4:00 pm Margarita Dalton ethnohistorian and special advisor to the 
Governor at Oaxaca, Mexico on women and development will speak 
on Women's Political Organizing and the State in Mexico: The Case 
of Oaxaca. Prof. Dalton's recent work has focused on how health, edu- 
cation and nutrition is affecting rural indigenous peasant women in 
Mexico. She has also participated in network building between wom- 
en in neighborhood organizations, indigenous women's groups and 
urban feminist groups. At MIT room E38-615, 272 Main St, Cambridge. 


7:00 pm Alexander Cockburn will speak and sign copies of Corrup- 
tions of F.mnirp. Free Refreshments will he servpH At tho Han/afH 



Malcolm X 


8:00pm - midnight Trying on Another Woman's Ski n: Poetry & Story- 
telling by Stacie Marinelli. Free. At the Women's Coffeehouse, Wom- 
en's Center, 46 Pleasant St, Cambridge. Info: 354-8807 ^ 


8:00 pm Boston Theater Group and Row Twelve celebrate American 
Music Week with a performance of Companions of the Flame, a con- 
cert of American poetry and music. Tickets: $8, $5 for students, seniors 
and supporting members of the Boston Theater Group. At the Church 
of the Covenant, 67 Newbury St, Boston. Info: 288-3085 


8:00 pm Concert with Betsy Rose: Songs of the Earth and Spirit. $8 in 
advance, $10 at door. Reserve tickets by calling 926-0315 or 646-4662. 
Tix available at New Words, Unicorn, and Skylight bookstores. At Old 
Cambridge Baptist Church, 1151 Mass Ave, Cambridge. 


Sat 12 Talk by Rigoberta Menchu, Guatemalan Indian 


leader and author. Call CASA at 492-8699 for time 


& place. 


9:00 am - 4:00 pm Preparing Our Economy for Peace: the Genuine 

n Uo-jHKv PrnHnrtivo Matinn A wnrlrina mnfprpnrp nn 


^A7/3fl *1 fx 7:00 P m P a ss federal and state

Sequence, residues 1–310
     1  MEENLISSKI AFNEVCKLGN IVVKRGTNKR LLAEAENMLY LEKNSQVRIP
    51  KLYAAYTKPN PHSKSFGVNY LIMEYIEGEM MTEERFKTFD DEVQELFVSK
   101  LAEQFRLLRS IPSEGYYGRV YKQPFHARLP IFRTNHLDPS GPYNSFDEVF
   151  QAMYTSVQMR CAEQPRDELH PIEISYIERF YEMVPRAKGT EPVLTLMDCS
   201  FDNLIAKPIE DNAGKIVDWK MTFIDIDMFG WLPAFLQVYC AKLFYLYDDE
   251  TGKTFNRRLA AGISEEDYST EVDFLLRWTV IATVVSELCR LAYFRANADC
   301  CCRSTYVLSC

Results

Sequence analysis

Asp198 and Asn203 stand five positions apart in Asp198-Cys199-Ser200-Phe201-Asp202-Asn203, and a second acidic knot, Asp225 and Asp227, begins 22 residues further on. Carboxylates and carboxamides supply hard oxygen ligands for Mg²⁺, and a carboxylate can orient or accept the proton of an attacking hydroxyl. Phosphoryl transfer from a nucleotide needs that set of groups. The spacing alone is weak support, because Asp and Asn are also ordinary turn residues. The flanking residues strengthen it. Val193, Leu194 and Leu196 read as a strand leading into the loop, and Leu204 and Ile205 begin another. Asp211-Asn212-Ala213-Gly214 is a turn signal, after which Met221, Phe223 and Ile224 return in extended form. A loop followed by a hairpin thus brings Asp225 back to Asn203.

" ^ ^ ^ legislation to prohibit discrimination on the 

basis of sexual preference. Support lesbian and gay rights in foster 
parenting, housing and employment at NOW's Lesbian rights task 
force meeting. At 971 Commonwealth Ave, Boston. Info: 782-1056 


8:00-10:00 pm Feminist Discussion Group: Sisterhood: Lesbians & 
Straight Women. Free. At the Women's Center, 46 Pleasant St, Cam- 
bridge. Info: 354-8807 ^ 

Thurs 17 Oxfam America's Fast for a World Har- 


vest. For information, call Oxfam at 


482-1211 


6:00 pm - 9:00 pm Phone Bank at NOW offices, 971 Commonwealth 
Ave, Boston, 782-1056 


5:00 pm Local 26 Hotel & Restaurant Workers Strike Rally. All sup- 
porters welcome. At the Arlington St. Church. Info: 423-3335 


6:30 pm Symposium on Nationalism and Latin Americanism with 
Pedro Alcantra, Columbian painter, senator and human rights activist, 
Marta Lamas, mexican writer and feminist activist, Luis Felipe Noe, 
Argentinian painter, Wilfredo Chiesa, Puerto Rican painter. Part of 
Latin America Awakened series. Free. At the Tower Auditorium, Mass 
College of Art, 621 Huntington Ave, Boston. Info: 232-1555x484 


7:00 pm Black Women Writers: texts and critics. Lecture by Nellie 
McKay, professor of Afro-American studies at the University of 
Wisconsin on "Toni Morrison and her Critics". At MIT room 66-110, 25 
Ames St. (between Memorial Dr. and Main St.), Cambridge. Info: 
253-8844. 


9:00 pm Concert with Jorge Arce and Humano music from through- 
out Latin America. Part of the Latin America Awakened series. Free. At 
the Mass. College of Art, 621 Huntington Ave, Tower Auditorium. Info 
232-1555x484 


1 Q 7:00 pm Woman Cry and Beyond Today were made 
A KJ by Miriam Patsanza, the first Black woman to run a 

video production house in Zimbabwe. Both works investigate the 
hardships faced by disenfranchised groups in that country-disabled 
women in the former and unemployed youth in the latter-and ex- 
amine government efforts to establish programs for these groups. Mi- 
riam Patsanza, will be present to discuss her work. At MIT room 34-101, 
50 Vassar St, Cambridge. 


8:00 pm The Case for Drug Legalization: a talk by Lester Grinspoon. 
Black Rose Lecture Series. Free. At MIT room 9-150, 77 Mass Ave, 
Cambridge. Info: 524-0781